Who leads on rail safety?

The railway is made up of lots of different companies and organisations delivering different bits of the railway, but all are part of a system, and so need to work with each other to make it work and to ensure it’s safe. This means there is no single organisation which leads. Instead, different aspects of leadership are provided or supported from different places, which, when combined, aim to secure a safe railway.Here we explain who does what.

It’s easiest if we start by thinking about the people who actually benefit from the railways: the passengers and freight shippers relying on trains to get from A to B. They will use passenger and freight train operating companies who operate the trains themselves.

These TOCs and FOCs rely on other companies to provide them with the track and stations to run the trains on, and the trains themselves. Supporting the transport operators and the rolling stock owners is a huge supply chain.

Each company will have their own specific safety responsibilities which they will need to manage. Companies with particular, defined safety duties, as written in regulations or standards are referred to as ‘duty holders’.

Overseeing this are a range of other bodies and organisations which companies will draw on to fulfil the business of operating the railway safely, and combined provide the leadership role on rail safety: Rail Delivery Group (RDG), Rail Accident Investigation Branch (RAIB), Office of Rail and Road (ORR) and RSSB.

Who does what

Duty holders

These are the companies which deliver the railway to its customers and hold specific, particular duties on safety. To lead on safety, they have to deliver a safe railway. They also:

  • Monitor system performance
  • Lead safe delivery of change
  • Manage their safety risks
  • Lead co-operation with other duty holders and industry partners

Rail Delivery Group (RDG)

RDG is an industry leadership body embracing the major passenger and freight train operator groups and Network Rail. RDG aligns and coordinates its members to lead on safety effectively. It:

  • Facilitates coordinated industry delivery
  • Aligns industry safety strategies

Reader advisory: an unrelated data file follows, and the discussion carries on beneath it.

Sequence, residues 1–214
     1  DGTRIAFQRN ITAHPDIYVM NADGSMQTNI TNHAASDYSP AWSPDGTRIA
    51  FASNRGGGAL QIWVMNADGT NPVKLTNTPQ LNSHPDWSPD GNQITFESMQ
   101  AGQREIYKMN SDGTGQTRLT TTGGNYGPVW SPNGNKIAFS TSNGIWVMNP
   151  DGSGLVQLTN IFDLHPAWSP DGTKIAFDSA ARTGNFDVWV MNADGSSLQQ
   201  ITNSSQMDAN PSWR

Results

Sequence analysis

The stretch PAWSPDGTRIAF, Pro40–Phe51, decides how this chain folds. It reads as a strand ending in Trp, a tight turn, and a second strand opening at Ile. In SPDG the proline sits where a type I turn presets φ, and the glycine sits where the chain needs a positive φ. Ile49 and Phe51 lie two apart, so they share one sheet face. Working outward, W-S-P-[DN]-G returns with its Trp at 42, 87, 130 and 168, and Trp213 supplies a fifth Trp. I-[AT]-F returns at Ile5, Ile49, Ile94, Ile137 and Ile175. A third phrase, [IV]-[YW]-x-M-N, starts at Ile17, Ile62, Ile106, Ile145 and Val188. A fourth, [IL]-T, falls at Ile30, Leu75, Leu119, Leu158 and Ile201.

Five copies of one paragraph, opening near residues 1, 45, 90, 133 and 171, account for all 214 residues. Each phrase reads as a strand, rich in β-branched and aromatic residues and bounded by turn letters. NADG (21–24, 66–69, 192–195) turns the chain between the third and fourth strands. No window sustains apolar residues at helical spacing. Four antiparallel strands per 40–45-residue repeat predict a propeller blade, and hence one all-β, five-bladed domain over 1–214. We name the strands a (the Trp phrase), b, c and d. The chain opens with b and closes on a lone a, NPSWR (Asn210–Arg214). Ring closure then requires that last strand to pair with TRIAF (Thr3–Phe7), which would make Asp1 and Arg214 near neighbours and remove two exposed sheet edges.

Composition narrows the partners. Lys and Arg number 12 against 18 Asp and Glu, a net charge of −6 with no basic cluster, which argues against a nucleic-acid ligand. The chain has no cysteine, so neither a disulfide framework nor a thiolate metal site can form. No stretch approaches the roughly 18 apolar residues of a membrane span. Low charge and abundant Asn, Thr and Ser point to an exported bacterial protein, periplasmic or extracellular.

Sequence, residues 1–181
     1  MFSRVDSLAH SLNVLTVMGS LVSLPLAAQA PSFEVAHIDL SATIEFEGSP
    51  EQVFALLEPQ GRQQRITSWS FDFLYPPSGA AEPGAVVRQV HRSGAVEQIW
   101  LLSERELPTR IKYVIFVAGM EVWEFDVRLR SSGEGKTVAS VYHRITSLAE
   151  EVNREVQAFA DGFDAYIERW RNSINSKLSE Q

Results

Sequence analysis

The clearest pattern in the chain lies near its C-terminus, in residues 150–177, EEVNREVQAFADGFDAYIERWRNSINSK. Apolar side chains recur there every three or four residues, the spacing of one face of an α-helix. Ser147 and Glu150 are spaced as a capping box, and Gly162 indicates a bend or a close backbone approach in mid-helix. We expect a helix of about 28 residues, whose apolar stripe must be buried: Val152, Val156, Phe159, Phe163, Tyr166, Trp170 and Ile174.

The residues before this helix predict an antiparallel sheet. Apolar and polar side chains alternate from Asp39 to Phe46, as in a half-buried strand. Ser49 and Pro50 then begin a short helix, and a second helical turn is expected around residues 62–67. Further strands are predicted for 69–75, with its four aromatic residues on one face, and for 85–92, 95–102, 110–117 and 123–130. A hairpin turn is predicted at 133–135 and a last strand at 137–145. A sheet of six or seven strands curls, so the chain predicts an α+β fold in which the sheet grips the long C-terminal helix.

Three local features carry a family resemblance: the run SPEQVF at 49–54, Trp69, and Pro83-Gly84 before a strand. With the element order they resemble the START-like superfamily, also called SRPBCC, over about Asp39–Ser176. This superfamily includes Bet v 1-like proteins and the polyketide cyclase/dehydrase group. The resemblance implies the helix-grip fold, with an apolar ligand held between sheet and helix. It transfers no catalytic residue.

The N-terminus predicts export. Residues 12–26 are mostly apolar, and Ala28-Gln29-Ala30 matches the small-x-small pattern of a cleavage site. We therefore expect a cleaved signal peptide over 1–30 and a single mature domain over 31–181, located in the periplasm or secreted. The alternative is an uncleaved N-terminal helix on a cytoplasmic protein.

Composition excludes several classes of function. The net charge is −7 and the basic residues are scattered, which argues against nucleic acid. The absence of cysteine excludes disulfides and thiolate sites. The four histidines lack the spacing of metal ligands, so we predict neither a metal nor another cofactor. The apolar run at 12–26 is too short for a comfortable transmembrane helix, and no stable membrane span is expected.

RSSB (originally known as Rail Safety and Standards Board)

RSSB is a membership-based rail industry body designed to help the railway become safer and more sustainable for passengers, the workforce and the wider public, while reducing risk and cost. It enables and informs safety leadership. It also:

  • Assesses whole system risk
  • Provides tools guidance, standards, analysis, research
  • Informs on progress against strategy
  • Facilitates safety collaboration
  • Advises on good safety management

Rail Accident Investigation Branch (RAIB)

RAIB ensures independent investigation of railway accidents for the purposes of learning and prevention. It makes:

  • Independent accident investigations
  • Recommendations

Office of Rail and Road (ORR)

The ORR is the health and safety regulator and enforcing authority for the railway. Its role is to make sure that the health and safety of everyone associated with the rail industry is protected. ORR’s contribution to safety leadership is to supervise and enforce. It:

  • Certifies and authorises safety certificates
  • Supervises industry safety management systems
  • Advises on legislative requirements
  • Develops, monitors, reinforces regulatory framework


Rail safety diagram


For a fuller explanation of who does what on safety leadership, have a read of our short 2-page document 'Rail safety leadership'.


Rail safety diagram
Rail Safety Leadership document
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